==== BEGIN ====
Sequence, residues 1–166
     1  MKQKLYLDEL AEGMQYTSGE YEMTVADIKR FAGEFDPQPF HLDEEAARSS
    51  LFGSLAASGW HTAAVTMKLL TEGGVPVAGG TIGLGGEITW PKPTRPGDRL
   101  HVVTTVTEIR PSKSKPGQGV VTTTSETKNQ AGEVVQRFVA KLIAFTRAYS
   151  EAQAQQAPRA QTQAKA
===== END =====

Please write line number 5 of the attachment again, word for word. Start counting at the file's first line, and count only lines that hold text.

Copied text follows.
   151  EAQAQQAPRA QTQAKA